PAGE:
"A fighter jet might see a target for 20 minutes. We had to watch a target for days, weeks and even months. We saw him play with his kids. We saw him interact with his family. We watched his whole life unfold. You are remote but also very much connected. Then one day, when all parameters are met, you kill him. Then you watch the death. You see the remorse and the burial. People often think that this job is going to be like a video game, and I have to warn them, there is no reset button." Dave Philipps in the NYT (Gift Article) on the peculiar experiences of military drone pilots. The Unseen Scars of Those Who Kill via Remote Control. "In the Air Force, drone pilots did not pick the targets. That was the job of someone pilots called 'the customer.' The customer might be a conventional ground force commander, the C.I.A. or a classified Special Operations strike cell. It did not matter. The customer got what the customer wanted. And sometimes what the customer wanted did not seem right. There were missile strikes so hasty that they hit women and children, attacks built on such flimsy intelligence that they made targets of ordinary villagers, and classified rules of engagement that allowed the customer to knowingly kill up to 20 civilians when taking out an enemy."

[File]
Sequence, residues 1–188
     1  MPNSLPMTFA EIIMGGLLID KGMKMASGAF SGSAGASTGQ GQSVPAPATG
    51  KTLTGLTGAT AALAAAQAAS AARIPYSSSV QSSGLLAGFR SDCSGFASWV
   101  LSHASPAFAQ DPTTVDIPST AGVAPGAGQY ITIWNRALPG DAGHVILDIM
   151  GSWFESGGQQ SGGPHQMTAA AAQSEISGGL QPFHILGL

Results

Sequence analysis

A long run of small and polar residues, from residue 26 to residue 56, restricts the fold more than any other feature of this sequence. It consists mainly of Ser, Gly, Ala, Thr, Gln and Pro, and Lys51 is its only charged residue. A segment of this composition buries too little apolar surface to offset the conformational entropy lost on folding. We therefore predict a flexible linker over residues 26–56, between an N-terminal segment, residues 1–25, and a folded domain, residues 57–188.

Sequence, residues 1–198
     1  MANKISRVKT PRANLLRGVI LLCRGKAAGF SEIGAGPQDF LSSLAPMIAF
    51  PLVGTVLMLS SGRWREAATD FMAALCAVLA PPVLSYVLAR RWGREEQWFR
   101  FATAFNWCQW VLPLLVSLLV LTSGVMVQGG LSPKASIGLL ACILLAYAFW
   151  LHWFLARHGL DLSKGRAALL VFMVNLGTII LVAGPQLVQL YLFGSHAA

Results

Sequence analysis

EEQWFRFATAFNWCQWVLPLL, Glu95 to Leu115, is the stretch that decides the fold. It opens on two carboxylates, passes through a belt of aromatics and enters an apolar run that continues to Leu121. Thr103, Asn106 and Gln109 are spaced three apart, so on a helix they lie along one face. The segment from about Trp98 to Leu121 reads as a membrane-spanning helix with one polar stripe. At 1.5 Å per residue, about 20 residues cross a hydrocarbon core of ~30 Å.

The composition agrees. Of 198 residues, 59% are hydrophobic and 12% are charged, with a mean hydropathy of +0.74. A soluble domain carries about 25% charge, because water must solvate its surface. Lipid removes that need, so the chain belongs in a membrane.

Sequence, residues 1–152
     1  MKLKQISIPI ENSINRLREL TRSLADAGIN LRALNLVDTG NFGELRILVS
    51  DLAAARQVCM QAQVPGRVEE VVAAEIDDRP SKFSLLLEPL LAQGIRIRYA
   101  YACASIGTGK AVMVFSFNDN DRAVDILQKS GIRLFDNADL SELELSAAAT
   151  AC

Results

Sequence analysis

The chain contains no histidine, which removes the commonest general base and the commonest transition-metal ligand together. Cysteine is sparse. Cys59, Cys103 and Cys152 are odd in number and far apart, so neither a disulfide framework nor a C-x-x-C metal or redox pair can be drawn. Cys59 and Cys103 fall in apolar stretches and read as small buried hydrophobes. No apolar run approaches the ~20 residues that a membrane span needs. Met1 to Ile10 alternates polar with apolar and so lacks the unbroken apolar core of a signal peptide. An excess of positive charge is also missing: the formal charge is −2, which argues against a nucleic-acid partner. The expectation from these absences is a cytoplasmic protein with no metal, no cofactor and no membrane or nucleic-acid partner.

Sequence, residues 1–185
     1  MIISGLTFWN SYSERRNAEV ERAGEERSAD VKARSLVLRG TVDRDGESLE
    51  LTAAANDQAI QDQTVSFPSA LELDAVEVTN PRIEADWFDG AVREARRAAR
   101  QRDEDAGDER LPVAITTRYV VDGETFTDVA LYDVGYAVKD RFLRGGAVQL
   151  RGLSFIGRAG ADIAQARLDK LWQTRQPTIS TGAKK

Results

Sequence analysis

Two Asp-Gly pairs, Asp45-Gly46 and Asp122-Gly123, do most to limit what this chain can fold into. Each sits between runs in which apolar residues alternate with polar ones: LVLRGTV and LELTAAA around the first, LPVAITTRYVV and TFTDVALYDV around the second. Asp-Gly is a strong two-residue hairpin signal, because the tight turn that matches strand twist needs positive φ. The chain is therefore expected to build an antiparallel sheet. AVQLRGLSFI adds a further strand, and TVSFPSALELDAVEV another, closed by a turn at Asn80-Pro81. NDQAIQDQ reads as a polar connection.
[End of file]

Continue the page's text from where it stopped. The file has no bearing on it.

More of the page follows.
5. Extra, Extra
Under the Rubble: "The western Ukrainian city of Lviv, which has so far been largely unscathed by the war, has recorded its first civilian deaths after Russian strikes, officials say. At least seven people were killed and 11 injured in the early morning attack on Monday, the city's mayor said, warning that the death toll could rise as emergency services clear through the rubble." While it's true that Putin's mass murder campaign has not gone according to plan, it's also true that he shows no signs of letting up. More troops are pouring in and new cities are being targeted. Meanwhile, "one of the restaurant partners of the World Central Kitchen was struck on Saturday, according to the nonprofit kitchen's CEO Nate Mook, who confirmed the news on Twitter. He said four staff members had been injured in the blast." CNN: Celebrity chef's Ukraine charity kitchen destroyed by Russian missile. (At this point, we should stop referring to Jose Andres as a celebrity chef and start referring to him as an international hero.) Here's the latest from BBC.